1. I figure it's time for a SBR (that's swim-bike-run for all you non-abbreviating heathens) update since I haven't bored you with the idiosyncrasies of my training for a while, and what is this blog for if not self-absorbed yammering about my life? Swimming is going quite splashingly. I'm going to be racing the 1000 yards in a few weeks, which will be the first time that I have ever been in a swim meet possibly in my life to date. I have a very hazy memory of doing the one-arm backstroke as a tiny little Katie, but I'm fairly sure no coach would have actually put me in a real meet due to my refusal to use both arms to swim instead of just one while the other held my nose. I've been seeing slow but steady progress in the pool, most of which I attribute to having some fast feet to chase on the weekend recently. My victory this week was finally breaking 1:20 for 100 yards (as part of a larger set) after swimming a very frustrating 482 1:21s in a row last weekend. It has absolutely nothing to do with ironman and is completely meaningless in the long view of my training, but it made me happy so all you fast people can just put a lock on it. Also, for the first time in two years of swimming I care about the time on the clock because it finally means something to me. I have no idea what to expect from the 1000 yards and actually can't quite remember where I seeded myself, but as long as my goggles don't fall off and I don't get a giant wedgie on the way into the water I feel like I'll have a pretty good time.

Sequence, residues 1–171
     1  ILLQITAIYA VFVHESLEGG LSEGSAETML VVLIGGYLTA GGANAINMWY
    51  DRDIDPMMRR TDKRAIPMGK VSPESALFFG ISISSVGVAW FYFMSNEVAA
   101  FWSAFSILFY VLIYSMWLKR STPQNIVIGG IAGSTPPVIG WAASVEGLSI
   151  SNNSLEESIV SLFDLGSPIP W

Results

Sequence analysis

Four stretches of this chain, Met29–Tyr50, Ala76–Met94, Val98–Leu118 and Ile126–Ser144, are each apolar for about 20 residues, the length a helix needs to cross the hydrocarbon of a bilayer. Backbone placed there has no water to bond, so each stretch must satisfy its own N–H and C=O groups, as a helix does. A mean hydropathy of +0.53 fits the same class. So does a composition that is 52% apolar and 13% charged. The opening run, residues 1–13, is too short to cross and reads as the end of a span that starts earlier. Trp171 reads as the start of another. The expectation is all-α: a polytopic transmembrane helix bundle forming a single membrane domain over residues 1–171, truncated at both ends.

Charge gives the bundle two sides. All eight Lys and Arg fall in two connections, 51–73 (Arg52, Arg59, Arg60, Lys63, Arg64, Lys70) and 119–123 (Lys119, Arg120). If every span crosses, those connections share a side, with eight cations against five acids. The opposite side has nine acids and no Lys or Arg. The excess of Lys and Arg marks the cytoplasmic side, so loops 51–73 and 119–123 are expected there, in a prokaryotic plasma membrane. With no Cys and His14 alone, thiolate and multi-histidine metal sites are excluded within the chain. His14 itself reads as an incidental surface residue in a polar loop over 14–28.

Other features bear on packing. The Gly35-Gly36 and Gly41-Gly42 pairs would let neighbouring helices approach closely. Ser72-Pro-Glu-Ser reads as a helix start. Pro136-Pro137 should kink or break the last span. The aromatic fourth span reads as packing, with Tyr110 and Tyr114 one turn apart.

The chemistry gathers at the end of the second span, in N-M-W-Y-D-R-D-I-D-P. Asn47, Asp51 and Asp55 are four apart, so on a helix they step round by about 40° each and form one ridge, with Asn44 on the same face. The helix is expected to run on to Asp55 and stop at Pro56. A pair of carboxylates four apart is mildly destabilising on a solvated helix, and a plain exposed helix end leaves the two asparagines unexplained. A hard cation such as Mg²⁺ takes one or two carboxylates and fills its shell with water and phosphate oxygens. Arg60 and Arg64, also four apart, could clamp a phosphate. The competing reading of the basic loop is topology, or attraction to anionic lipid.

Cycling is having it's bumps up and down. I got my old crank put back on, which meant I rode my road bike for a week and a half while the QR was in the shop and my adductor got a chance to calm down. I took the QR back out for a long ride this past weekend. I did notice a big difference in my adductor pain - as in, much less of it - when I got off the bike, but by the next morning that cranky sucker had tightened up quite a bit. I went immediately to the internet to see what else could be causing adductor pain on the bike (probably should have done this before switching my crank back). It looks like I should either move my seat further forward OR further backwards OR get a less-wide saddle. The science behind those theories being that it is highly likely that I am compressing the attachment of my adductor to my groin between the saddle and the bone which is royally pissing it off. Yesterday I checked out where my seat was - very far forward - and after carefully examining the pictures of all my bike fits (many) to date, slid it back just a smidge. My trainer ride felt okay after making the change so clearly the world didn't explode, but I'm worried that I just wasted a bunch of time swapping out my crank when my saddle might have been causing the problem (that sound you hear is my coach smacking her forehead, then me). I did have quite a bit of inner thigh chafing when I first started with this saddle, which I thought it was just the adjustment of the difference in my body angles, but now I realize that it could just be the nose of the saddle is too wide. So I'm frustrated with my crank, I'm frustrated with my saddle, and I'm frustrated with the fact that I feel like I'm wasting everyone's time and can't get a good clear answer on what exactly is going on from any of my internet resources (yes, I do expect the internet to answer me when I talk out loud to myself). Not to mention that cycling has always been the thing that I didn't really have to worry about and now it's yelling and throwing up in the corner.